Skip to 0 minutes and 2 secondsMAN: FutureLearn. [THEME MUSIC] UNSW Australia. Introduction to Week 2.
Skip to 0 minutes and 12 secondsLOUISA SMITH: Hi, I'm Louisa.
Skip to 0 minutes and 14 secondsLEANNE DOWSE: And I'm Leanne.
Skip to 0 minutes and 15 secondsLOUISA SMITH: And we're going to talk about counting disability. Often when Leanne and I start teaching a course or a class, some of the first questions that students ask are around who counts as having a disability. Does somebody with depression count as having a disability? Does somebody who's obese count as having a disability?
Skip to 0 minutes and 36 secondsLEANNE DOWSE: And the other question we always get asked is, how many people with disabilities are there? And, of course, it's very difficult to answer those questions in any objective way. And that's one of the things that we're really going to be trying to talk through with you in the coming material.
Skip to 0 minutes and 53 secondsLOUISA SMITH: Yes, in the coming material we'll be looking at some official statistics around disability. Some people suggest that there's up to 20% of the global population. But we'll also be questioning how those statistics are developed.
Skip to 1 minute and 8 secondsLEANNE DOWSE: So the key questions are, who gets counted? Who's counted in? Who's counted out? And also, who makes decisions about who's in or out of the counting?
Skip to 1 minute and 18 secondsLOUISA SMITH: We'll be listening to stories from people with disabilities about when they count themselves in and when they count themselves out, and the difference between being labeled and badging yourself as having a disability.
Skip to 1 minute and 30 secondsLEANNE DOWSE: And also we'll be looking at some of the key international global scale and national statistics, and we'll be asking you to go and have a look yourself at some of the places where counting happens in the world in which you live in. And we'll be asking you to really think about what that counting means. How it happens, what are the issues around it, and what does it mean to have numbers? What does it mean for individuals, but also what does it mean for governments?
Skip to 1 minute and 55 secondsLOUISA SMITH: I think that's a good place to end. Thanks.
Welcome to Week 2
This week focuses on how people with disabilities are counted, classified, labeled and identified. But this module is also about the stories behind this counting of impairment and disability. Who gets to decide who’s disabled? When is measuring disability important? When do people with disabilities challenge it, or argue for different ways of doing it?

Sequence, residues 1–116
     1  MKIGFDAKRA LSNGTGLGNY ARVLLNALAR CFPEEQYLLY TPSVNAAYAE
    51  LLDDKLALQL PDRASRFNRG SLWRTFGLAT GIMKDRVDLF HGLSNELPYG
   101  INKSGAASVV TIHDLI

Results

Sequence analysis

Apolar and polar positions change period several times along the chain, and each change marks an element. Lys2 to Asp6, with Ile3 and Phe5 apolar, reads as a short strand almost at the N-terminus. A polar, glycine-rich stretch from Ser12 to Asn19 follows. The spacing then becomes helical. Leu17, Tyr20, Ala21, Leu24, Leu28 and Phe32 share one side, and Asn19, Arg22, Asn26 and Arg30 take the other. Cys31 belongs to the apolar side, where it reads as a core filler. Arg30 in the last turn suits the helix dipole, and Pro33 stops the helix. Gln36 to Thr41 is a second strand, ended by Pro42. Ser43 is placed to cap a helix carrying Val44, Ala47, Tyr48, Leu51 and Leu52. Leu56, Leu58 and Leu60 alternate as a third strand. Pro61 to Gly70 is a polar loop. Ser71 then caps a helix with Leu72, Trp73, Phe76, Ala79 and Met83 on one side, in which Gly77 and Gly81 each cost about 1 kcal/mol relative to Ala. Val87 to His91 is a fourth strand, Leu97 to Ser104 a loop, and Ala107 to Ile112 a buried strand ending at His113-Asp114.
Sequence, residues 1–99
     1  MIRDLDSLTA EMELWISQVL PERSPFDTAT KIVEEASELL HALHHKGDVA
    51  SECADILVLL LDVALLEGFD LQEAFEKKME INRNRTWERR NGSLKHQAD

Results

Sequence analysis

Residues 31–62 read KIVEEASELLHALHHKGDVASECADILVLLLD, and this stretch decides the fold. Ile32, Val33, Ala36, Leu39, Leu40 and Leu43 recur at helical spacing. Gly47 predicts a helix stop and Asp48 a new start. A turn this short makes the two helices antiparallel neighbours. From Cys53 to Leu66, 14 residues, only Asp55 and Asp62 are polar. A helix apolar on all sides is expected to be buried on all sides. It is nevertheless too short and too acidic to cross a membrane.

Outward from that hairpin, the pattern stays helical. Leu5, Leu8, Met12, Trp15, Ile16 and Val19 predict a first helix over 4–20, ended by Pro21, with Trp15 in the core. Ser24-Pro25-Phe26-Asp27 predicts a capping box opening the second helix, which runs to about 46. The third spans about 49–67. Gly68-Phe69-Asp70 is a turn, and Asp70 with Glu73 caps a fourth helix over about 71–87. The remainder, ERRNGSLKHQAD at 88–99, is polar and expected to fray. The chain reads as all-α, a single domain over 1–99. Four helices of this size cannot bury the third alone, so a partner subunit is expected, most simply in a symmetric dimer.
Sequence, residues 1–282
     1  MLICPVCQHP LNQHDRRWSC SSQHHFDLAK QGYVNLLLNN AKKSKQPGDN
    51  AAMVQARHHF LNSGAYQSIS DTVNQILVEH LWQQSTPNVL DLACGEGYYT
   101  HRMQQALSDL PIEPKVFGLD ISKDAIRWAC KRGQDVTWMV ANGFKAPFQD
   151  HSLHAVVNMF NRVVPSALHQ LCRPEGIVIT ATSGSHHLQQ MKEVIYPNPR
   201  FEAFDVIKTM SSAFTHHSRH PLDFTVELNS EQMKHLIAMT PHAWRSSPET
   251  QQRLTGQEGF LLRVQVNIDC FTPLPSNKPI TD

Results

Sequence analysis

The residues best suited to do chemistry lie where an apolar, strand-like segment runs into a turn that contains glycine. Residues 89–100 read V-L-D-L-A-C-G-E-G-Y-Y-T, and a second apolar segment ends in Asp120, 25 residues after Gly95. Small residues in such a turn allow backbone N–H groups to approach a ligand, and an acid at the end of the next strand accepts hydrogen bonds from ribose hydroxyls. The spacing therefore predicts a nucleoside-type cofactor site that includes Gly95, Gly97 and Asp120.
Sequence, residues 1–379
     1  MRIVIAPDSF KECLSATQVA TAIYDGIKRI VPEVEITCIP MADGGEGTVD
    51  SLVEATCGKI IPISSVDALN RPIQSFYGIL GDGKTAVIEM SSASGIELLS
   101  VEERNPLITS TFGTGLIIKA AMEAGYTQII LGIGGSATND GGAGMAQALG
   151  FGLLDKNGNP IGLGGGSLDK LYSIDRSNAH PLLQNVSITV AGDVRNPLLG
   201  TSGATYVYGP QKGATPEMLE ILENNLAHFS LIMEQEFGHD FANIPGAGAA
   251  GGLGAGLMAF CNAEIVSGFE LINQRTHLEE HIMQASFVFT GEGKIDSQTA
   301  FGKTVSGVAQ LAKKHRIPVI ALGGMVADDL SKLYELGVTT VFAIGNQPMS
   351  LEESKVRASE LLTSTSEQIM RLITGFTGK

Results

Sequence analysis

In the video above, Leanne and Louisa introduce the week and explain the importance of looking at how disability is counted.
After you’ve watched the video, take some time to investigate how this issue of counting people with disabilities has been taken up on a global scale. There are a number of websites listed below which provide a broad context for how disability statistics are collected globally. When you are browsing these sites, you will probably reflect back on some of the definitions of impairment and disability we began to discuss last week.
Websites to explore
(You might want to open these in a new tab.)
The World Report on Disability, published in 2011 to support the implementation of the UN Convention on the Rights of Persons with Disability, is a large and comprehensive document that situates disability globally. While the whole report is a good read, Chapter 2 is particularly useful for this week. You might want to open these links in a new tab.
For an initial context about the World Health Organisation (WHO) visit Information on disabilities from WHO. And for more on the attempts by WHO to gather reliable disability statistics worldwide visit Information on disability data from WHO.
Who is counting disability, and why?
What do the above linked websites say about the number of people with disabilities worldwide? And across different categories of impairment?
What do the sources say about disability and gender? Disability and age? Disability and poverty? We’ll be exploring these themes in later weeks.
What are the difficulties in collecting accurate data about impairment and disability worldwide?
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